I’ve always been so curious about life beyond Earth. Scientists recently discovered that there are as many as 24 planets outside of our solar system more suitable for life than Earth. They found that these planets surpass Earth in several categories, including age, warmth, wetness, and size. These factors qualify the planets to be “superhabitable” and to have optimal potential for complex extraterrestrial life.
When searching for a habitable planet, one of the most important factors to take into consideration is temperature, which goes hand-in-hand with distance from their star. Scientists have discovered several planets at extreme temperatures, including planet KELT-9b, which is so hot that its atmosphere is constantly melting or GJ 433 d, whose discoverers described it as “the coldest Neptune-like planet ever discovered”. While both of these planets are on opposite sides of the inhospitable spectrum, there are several other planets within their star’s “habitable zone”, which are not too hot or too cold for life as we know it to flourish.
Scientists have discovered over 4000 exoplanets, or planets outside our solar system so far. The main qualities researchers aim to identify in exoplanets in order to classify them as “superhabitable” include a nearby star of the right star and life span, as it took 3.5 billion years for complex life to form on Earth, and size of the planet. A larger size means more surface area for habitats, higher gravity, and a thicker atmosphere, which is beneficial for flight based organisms. Planets with these qualities in addition to being slightly warmer and wetter would be even more habitable than Earth. A larger or closer moon than Earth’s would also be considered “better”, because of benefits such as helping to stabilize its orbit and preventing life-disrupting wobbles. Taking all of these factors into consideration, the researchers came up with a list of the most ideal parameters for the perfect superhabitable planet. This planet “would be in orbit around a K dwarf star, which is a relatively small star star that’s slightly cooler than our sun […]; about 5 billion to 8 billion years old; about 10% larger than Earth; about 9 F warmer than Earth, on average; moist with an atmosphere that is 25% to 30% oxygen, with scattered land and water. [It] would also have plate tectonics or a similar geological process in order to recycle minerals and nutrients through the crust and to create diverse habitats and topography, and would have a moon between 1% and 10% of its size orbiting it at a moderate distance” (livescience.com) As we know from biology, an oxygen rich atmosphere is essential as oxygen is one of the most important building blocks of life. Our cells need oxygen to produce various proteins which in turn produce more cells. Oxygen is also vital in many of our body systems and needed for the creation of carbohydrates, nucleic acids, and lipids. Other animals and plants also require large amounts of oxygen to survive.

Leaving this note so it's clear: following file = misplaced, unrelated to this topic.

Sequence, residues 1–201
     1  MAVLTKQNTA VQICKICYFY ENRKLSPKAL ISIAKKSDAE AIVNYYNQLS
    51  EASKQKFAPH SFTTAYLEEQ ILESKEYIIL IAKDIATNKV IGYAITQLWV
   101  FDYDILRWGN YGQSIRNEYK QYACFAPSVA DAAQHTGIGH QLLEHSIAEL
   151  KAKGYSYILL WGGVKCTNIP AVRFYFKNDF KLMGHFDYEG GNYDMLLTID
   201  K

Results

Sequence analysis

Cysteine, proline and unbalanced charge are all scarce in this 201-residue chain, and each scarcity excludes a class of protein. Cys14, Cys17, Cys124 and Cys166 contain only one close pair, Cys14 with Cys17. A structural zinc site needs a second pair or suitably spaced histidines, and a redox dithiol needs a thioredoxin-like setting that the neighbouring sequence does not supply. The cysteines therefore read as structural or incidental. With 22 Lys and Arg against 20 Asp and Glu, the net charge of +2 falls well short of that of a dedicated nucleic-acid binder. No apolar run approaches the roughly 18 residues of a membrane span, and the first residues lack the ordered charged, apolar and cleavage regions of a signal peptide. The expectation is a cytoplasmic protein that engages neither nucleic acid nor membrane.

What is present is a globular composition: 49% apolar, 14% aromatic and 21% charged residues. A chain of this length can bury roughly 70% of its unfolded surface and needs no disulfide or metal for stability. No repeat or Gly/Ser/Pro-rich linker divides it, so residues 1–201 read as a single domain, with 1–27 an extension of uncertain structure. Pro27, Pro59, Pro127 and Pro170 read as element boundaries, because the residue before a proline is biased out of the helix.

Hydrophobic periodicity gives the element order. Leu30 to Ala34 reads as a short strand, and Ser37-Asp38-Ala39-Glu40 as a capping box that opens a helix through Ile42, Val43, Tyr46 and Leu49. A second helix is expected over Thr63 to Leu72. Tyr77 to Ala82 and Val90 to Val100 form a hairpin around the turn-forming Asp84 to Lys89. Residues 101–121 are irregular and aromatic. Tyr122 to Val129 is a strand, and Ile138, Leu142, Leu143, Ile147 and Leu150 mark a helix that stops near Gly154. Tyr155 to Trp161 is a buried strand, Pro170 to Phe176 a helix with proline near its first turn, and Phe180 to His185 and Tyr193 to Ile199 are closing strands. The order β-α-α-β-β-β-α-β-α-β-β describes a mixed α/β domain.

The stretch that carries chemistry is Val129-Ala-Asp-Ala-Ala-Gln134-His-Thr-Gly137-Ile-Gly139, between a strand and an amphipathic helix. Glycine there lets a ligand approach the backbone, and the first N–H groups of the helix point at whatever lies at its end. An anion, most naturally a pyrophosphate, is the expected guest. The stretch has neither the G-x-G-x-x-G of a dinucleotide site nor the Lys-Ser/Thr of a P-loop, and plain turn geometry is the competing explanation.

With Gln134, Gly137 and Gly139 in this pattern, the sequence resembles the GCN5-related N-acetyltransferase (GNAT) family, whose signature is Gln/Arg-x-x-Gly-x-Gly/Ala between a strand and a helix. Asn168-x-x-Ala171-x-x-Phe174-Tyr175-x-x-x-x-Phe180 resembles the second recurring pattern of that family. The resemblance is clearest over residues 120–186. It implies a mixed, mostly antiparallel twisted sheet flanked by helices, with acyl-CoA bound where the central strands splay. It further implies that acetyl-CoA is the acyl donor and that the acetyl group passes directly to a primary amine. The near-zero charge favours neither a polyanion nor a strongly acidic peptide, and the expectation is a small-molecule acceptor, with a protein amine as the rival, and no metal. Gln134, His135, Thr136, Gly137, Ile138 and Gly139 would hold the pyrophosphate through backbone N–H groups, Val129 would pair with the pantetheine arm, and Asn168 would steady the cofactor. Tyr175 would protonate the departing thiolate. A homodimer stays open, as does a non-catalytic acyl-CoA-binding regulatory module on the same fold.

Out of the 24 Kepler Objects of Interest, which are unconfirmed indications of transiting planets, spotted by the Kepler telescope, two have been confirmed as exoplanets, (Kepler 1126 b and Kepler-69c), nine are orbiting around the proper type of star, 16 are within the correct age range, and five fall into the right temperature range. KOI 5715.01 was the only candidate of the 24 that fell into the correct range for each of the three categories, but the planet’s true surface temperature is unable to be determined right now because it depends on the strength of the greenhouse effect in its atmosphere. Additionally, as all of these planets are more than 100 light-years away, many of them can’t be studied properly due to lack of technology.
I personally believe that we are on the brink of making seriously ground-breaking discoveries regarding extraterrestrial life. Technology is advancing every year, and in turn we make more discoveries each year about the enigma of space. Hopefully soon we will find out if some of these planets really do have life inhabiting them.